The book under audit named, ‘The Poetical Works of Tiruloka Sitaram with Interpretation and Notes’ has 55 sonnets of the incomparable Tamil artist Tiruloka Sitaram appropriately deciphered in English by Sekkizhar Adi-p-podi Dr T.N.Ramachandran.
Tiruloka Sitaram was brought into the world to Lokanatha Iyer and Meenakshi Sundarammal on 1-4-1917 at a little town called Thondaimanthurai in Trichy locale in Tamilnadu, India. His dad died in his third year and his uncle brought him up. His primary language was Telugu. He wedded Rajamani matured 10 at his nineteenth year.
He began his life as a cleric. He was a lot of intrigued by Tamil writing. He went to Ramasami padayachi, an extraordinary Tamil researcher and realized every one of the Tamil sagas like Kamba Ramayanam and Bharatham.
He began creating his own great sonnets. He began distributing a Tamil magazine by name India Valiban and had composed articles under the moniker Mandahasan. Later on he had involved his own name for the entirety of his compositions.
He was a lot of drawn in by the sonnets of the incomparable Writer Subramanya Bharathi. It turned into his propensity not to go through a day without perusing or citing a few lines from Bharatiyar in any event.
The bond was profound to such an extent that he expected himself as an otherworldly child of Bharathi despite the fact that he had never seen the extraordinary writer as he was died during 1921.
He went to the place of Chellammal Bharathi, the spouse of Bharathi, during her last days. Chellammal died on his lap.
As a writer he began a magazine by name Sivaji and the sonnets and articles distributed in that pulled in the Tamil world. He lived exclusively for a very long time and died on 23-8-1973.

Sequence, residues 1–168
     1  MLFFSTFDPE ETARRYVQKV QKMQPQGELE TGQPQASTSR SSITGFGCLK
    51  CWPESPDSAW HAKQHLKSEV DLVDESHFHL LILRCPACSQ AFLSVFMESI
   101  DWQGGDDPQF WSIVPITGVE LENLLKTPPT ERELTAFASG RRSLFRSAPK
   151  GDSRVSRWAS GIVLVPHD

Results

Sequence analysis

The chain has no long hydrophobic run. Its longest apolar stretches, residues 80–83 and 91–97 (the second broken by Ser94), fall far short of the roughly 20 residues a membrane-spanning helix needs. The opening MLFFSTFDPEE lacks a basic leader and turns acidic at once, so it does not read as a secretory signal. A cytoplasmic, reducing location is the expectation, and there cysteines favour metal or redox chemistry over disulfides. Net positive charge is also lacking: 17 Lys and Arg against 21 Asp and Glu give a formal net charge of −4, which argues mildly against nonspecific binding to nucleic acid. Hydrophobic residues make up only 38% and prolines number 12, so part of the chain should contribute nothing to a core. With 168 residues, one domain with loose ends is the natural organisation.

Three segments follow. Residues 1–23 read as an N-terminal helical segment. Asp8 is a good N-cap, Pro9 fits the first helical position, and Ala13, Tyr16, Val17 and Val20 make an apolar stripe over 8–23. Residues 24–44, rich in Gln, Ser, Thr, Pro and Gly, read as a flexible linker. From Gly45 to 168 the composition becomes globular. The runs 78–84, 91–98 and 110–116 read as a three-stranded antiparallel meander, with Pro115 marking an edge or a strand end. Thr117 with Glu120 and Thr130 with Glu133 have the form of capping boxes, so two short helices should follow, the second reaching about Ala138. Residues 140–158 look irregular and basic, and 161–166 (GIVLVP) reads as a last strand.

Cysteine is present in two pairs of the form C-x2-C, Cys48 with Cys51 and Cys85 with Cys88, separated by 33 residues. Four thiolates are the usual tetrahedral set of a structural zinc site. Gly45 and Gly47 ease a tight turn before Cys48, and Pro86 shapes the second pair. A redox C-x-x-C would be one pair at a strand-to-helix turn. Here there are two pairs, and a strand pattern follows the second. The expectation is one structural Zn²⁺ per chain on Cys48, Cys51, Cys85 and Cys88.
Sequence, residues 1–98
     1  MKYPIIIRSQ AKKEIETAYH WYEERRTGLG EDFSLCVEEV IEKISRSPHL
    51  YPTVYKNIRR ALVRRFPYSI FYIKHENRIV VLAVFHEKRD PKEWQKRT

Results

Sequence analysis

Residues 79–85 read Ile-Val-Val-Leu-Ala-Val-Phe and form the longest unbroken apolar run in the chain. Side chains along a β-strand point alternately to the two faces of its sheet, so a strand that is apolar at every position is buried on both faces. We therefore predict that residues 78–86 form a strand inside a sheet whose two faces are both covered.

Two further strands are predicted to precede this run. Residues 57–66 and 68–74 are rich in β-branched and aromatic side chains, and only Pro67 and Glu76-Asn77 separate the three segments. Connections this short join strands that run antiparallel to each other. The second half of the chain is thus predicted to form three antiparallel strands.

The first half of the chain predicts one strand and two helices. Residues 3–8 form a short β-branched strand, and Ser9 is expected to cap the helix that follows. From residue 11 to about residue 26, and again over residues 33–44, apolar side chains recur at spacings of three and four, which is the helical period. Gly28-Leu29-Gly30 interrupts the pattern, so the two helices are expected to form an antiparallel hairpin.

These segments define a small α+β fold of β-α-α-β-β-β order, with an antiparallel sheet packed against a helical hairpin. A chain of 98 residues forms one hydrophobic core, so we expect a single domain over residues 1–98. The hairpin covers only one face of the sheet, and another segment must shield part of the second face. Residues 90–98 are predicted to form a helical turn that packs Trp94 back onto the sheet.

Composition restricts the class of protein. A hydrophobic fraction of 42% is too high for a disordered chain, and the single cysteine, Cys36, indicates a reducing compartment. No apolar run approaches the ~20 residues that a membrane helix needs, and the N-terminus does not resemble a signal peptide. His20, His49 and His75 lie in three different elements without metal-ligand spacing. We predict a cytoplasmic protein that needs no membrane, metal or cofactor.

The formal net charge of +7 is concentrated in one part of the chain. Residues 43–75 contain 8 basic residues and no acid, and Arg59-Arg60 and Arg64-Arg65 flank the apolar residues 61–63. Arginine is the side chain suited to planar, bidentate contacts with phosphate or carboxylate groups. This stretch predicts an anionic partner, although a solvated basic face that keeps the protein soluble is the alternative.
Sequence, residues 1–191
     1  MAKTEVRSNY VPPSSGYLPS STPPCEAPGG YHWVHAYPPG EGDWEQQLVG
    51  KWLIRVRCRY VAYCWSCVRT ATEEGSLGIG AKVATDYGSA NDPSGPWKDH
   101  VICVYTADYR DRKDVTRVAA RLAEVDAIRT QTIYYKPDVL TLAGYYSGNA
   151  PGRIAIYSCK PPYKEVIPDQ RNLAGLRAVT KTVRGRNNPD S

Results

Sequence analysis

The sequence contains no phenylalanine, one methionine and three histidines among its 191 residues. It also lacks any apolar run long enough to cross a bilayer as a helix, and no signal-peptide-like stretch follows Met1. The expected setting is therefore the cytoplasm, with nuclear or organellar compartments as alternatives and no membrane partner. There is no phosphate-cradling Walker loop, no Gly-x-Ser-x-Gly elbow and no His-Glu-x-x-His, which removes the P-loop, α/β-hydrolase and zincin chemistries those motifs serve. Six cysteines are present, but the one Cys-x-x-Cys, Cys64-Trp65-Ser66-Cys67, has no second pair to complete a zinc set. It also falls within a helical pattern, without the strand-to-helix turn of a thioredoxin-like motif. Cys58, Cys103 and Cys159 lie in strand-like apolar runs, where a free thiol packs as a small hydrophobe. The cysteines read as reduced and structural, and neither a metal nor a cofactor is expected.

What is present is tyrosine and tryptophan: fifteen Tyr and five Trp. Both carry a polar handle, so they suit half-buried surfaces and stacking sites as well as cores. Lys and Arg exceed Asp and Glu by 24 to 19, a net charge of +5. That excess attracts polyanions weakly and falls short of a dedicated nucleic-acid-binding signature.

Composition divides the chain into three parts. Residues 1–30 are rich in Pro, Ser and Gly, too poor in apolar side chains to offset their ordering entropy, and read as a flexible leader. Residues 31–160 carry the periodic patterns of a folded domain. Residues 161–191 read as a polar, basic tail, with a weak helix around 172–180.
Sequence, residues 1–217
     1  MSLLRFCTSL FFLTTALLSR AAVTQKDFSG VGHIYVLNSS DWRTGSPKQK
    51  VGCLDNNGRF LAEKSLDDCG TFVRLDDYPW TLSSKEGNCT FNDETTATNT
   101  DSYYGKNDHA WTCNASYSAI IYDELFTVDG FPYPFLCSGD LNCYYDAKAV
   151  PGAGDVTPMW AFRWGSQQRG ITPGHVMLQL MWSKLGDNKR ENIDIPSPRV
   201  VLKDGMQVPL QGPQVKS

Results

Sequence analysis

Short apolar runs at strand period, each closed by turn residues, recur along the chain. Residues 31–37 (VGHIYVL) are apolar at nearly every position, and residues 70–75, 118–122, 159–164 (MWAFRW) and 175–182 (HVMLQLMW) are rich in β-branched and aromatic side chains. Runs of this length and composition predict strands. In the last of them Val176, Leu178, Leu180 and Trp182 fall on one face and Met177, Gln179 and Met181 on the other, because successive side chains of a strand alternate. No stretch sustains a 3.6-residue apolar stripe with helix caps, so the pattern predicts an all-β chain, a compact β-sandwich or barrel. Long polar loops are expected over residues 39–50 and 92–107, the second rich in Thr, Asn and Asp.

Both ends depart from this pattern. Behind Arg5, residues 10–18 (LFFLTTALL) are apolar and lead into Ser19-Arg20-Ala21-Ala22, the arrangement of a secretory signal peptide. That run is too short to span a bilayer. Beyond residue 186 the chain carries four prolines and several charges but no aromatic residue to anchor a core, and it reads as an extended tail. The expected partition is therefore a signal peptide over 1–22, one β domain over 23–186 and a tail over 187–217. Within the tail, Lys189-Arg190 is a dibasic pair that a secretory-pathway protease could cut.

His renowned sonnet Gandarva Ganam portrays the first light, the night in strong words.
The interpretation goes this way:
The day unfolded on Pothika’s pinnacle
What’s more ‘neath the run that lay a bow
Was the worn out mountain-cave
Its mammoth mouth wide agape
‘Twixt whose teeth, serious and passionate
Streamed the flood onto the plain.
We might contrast these lines and Kubla Khan of Coleridge:
“.. That profound heartfelt gorge which skewed
Down the green slope.”
The Night comes like this:
The scrambling Sun hurried head-first
Also, destroyed the spring with million shafts;
The foamy froth vaporescent
In molecules rose as wondrous bow
Which he peered toward in please perfect,
The hunting bow on shoulder loosened.
Here, the line ‘foamy froth vaporescent; might be contrasted with Milton’s
‘At the point when fumes terminated
Dazzle the air”
This is only one guide to make sense of how the wonderful brain of Tiruloka Sitaram investigates the nature.
We have 55 such awesome sonnets appropriately deciphered in English.
The book is printed wonderfully so that one wouldn’t put it down without perusing every one of the sonnets.
The interpreter T.N.Ramachandran has contrasted a significant number of the sonnets and that of Shakespeare’s and closes ” The contemplations of Donne and Coleridge are less strong than those of Shakespeare who anyway tracks down a match in Tiruloka Sitaram”.